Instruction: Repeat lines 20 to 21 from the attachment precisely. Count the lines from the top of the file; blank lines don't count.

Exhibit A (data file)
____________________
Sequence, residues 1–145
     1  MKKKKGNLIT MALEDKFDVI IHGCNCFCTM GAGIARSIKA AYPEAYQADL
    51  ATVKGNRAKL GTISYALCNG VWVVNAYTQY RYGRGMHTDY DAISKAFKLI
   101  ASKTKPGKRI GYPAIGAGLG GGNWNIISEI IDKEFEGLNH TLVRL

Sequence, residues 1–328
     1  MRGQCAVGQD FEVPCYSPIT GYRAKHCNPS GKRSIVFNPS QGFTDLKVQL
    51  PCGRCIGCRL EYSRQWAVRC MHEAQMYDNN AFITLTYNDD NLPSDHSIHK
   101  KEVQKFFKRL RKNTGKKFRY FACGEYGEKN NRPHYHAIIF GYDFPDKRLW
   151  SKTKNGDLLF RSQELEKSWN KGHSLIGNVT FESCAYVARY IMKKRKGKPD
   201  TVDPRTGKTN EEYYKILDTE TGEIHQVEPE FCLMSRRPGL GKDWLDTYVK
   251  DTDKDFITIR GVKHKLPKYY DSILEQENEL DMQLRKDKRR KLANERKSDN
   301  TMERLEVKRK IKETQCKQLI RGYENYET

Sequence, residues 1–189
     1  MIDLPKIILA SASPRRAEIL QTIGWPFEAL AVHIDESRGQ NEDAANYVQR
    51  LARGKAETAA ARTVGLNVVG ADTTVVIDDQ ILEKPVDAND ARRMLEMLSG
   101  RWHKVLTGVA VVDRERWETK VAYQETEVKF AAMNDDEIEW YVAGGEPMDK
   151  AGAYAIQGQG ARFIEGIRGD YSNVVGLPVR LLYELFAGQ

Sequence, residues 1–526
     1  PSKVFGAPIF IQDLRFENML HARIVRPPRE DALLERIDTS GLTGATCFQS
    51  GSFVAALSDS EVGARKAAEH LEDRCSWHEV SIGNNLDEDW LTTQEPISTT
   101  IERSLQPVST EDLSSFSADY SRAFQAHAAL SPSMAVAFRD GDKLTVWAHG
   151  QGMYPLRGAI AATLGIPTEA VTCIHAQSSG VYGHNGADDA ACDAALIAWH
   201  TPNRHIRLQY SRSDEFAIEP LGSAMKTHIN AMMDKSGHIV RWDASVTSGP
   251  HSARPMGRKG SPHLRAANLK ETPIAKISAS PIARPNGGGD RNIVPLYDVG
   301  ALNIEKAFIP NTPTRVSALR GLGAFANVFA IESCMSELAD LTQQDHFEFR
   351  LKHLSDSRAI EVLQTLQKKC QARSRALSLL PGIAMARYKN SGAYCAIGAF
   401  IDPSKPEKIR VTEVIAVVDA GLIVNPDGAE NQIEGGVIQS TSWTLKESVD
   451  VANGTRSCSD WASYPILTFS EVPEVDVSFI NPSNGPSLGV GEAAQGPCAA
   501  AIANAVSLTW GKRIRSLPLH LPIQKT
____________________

    51  GSFVAALSDS EVGARKAAEH LEDRCSWHEV SIGNNLDEDW LTTQEPISTT
   101  IERSLQPVST EDLSSFSADY SRAFQAHAAL SPSMAVAFRD GDKLTVWAHG